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Rail procurement procedure recognises sustainability

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Network Rail Infrastructure Projects has made sustainability a formal part of its procurement process, with five per cent of tenders now hinging on a bid’s green credentials.

The move is part of Network Rail’s ‘Sustainable Development Vision’ which looks at how future major rail infrastructure projects can address pressing environmental and social challenges.

Waste and carbon reduction, protection of the natural environment and the creation of a level playing field for local firms to bid for contracts are among the types of initiatives the new five per cent requirement will judge suppliers on.

‘We, as an industry, are contributing massively to this issue in the UK,’ says Katie Ferrier, head of supplier engagement, Network Rail. ‘It’s a scary thought that we’re not doing enough to solve these issues.’

The new procurement requirement was revealed to Network Rail’s Tier 2 supply chain at Westwood Heath in December. During the event, delegates were shown examples of the kinds of social enterprise groups that can work alongside organisations to help them attain their five per cent.

One of the groups was REDS10 – a social enterprise set up in 2009 to find local apprentices to work on construction projects in their area. Managing Director Paul Ruddick believes groups like REDS10 will help the rail industry boost its sustainable employment practices.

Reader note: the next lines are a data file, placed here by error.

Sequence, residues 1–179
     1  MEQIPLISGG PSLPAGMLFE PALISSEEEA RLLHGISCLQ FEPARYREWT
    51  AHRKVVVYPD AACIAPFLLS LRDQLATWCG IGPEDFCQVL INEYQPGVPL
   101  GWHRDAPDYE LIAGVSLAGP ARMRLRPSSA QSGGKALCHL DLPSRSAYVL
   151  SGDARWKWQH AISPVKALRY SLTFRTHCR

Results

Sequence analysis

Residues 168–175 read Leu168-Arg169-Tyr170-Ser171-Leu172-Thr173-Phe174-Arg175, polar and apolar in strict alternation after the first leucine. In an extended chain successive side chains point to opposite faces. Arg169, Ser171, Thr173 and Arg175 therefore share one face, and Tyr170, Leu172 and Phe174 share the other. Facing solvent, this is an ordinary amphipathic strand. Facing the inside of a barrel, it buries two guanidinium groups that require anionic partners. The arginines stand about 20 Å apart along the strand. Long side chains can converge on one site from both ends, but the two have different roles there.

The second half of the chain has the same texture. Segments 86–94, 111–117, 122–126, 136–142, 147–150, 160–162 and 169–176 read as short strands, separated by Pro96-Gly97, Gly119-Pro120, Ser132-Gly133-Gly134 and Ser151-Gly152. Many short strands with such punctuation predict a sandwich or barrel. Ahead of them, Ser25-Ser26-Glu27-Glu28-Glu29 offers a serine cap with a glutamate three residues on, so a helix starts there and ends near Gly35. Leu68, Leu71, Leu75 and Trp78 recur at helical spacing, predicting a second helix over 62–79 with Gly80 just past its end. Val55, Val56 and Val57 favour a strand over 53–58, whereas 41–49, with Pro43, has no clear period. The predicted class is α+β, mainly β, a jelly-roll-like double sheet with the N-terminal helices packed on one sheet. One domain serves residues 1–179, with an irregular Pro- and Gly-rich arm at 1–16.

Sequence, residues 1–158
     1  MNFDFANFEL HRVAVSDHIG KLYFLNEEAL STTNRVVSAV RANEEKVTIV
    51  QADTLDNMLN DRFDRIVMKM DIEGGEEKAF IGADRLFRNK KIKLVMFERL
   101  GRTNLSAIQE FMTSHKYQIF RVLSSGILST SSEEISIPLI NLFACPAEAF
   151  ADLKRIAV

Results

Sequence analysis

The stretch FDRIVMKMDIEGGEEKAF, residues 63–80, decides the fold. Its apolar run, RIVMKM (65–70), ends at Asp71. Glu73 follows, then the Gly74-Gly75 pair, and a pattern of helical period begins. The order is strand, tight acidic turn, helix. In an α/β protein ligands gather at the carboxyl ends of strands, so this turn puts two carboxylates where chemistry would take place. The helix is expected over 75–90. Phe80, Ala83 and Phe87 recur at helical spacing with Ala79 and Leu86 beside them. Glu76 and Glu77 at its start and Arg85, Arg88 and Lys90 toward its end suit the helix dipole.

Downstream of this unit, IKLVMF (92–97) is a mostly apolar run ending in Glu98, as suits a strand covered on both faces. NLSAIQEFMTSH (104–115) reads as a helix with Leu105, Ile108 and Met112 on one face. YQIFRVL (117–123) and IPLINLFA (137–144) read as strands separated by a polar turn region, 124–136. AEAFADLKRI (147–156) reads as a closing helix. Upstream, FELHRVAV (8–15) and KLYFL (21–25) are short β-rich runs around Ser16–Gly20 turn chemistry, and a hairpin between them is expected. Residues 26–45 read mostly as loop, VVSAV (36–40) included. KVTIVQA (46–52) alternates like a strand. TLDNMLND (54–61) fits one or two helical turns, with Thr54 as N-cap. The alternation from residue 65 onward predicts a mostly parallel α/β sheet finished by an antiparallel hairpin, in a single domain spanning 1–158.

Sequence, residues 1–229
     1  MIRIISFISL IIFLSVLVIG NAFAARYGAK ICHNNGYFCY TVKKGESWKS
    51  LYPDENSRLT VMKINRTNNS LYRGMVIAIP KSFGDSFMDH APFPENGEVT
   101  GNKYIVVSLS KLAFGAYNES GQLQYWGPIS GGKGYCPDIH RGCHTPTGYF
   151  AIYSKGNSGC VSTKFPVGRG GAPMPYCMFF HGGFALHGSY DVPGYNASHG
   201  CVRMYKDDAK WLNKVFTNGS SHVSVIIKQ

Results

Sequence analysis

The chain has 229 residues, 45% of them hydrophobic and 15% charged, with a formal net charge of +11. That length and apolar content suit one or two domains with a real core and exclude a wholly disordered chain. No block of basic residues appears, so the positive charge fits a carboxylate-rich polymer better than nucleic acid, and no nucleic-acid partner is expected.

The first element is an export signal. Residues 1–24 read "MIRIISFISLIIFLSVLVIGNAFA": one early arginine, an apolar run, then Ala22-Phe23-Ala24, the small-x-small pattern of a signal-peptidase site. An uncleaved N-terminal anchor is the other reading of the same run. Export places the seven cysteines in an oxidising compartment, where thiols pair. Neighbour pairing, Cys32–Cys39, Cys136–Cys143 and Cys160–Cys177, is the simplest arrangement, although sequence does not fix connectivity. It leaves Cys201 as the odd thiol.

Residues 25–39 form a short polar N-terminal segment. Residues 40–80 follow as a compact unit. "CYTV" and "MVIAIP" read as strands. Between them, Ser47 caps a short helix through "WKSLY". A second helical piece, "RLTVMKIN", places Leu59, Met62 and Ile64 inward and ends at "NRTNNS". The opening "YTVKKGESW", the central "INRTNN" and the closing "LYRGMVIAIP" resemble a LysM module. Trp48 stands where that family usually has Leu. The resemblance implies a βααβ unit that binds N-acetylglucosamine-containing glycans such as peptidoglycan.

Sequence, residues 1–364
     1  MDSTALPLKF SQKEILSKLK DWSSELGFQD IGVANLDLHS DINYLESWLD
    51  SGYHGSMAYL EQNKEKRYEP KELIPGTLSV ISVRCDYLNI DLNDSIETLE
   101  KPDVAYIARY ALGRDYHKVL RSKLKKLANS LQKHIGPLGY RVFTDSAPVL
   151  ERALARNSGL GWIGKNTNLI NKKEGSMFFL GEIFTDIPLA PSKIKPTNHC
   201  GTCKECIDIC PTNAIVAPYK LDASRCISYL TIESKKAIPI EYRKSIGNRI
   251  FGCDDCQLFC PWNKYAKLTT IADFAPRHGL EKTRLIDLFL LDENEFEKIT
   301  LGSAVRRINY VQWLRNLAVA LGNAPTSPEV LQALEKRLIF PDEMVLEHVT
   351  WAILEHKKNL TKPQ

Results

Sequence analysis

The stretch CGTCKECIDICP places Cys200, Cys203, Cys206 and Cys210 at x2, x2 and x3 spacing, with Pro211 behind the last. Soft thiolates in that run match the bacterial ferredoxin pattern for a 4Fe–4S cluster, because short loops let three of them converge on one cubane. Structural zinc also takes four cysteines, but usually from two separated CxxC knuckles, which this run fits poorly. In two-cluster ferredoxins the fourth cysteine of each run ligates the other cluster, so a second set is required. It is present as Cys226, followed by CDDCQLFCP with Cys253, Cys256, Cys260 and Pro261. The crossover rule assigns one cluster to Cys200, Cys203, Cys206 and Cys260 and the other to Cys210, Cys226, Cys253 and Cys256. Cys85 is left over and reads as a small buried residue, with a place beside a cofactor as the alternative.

‘With Network Rail now including five per cent sustainability requirements in their tenders, we are excited about bringing our services to the rail industry. We already work with most of the Tier 1 main contractors but in different sectors such as retail, residential, infrastructure, and education, so we believe there is no reason why we can’t bring added social value to the rail industry.’

Tahir Ayub - Ernest Brigden - Kyle Windsor [online]
Tahir Ayub (left)
The latest change to Network Rail’s procurement framework is part of a growing focus on sustainability within the organisation. Between 2011-2012, 85.9 per cent of Network Rail infrastructure waste was diverted from landfill, a step closer to the organisation’s target of 97 per cent by 2014.

In April 2011, Network Rail began sourcing all its track timber from certified sources who work in accordance with standards set by the WWF Global Forest Trade Network (GFTN). Globally recognised as one of the greenest transport modes the rail industry is increasingly committed to sustainability.

Last year Balfour Beatty pushed recognition of the subject by launching the Sustainability Award at the RailStaff Awards 2012. The Sustainability Award was won by Tahir Ayub (pictured right and below) a Senior Design Engineer at Network Rail based in Birmingham. The rail industry looks set to improve its  environmental and social credentials this year.


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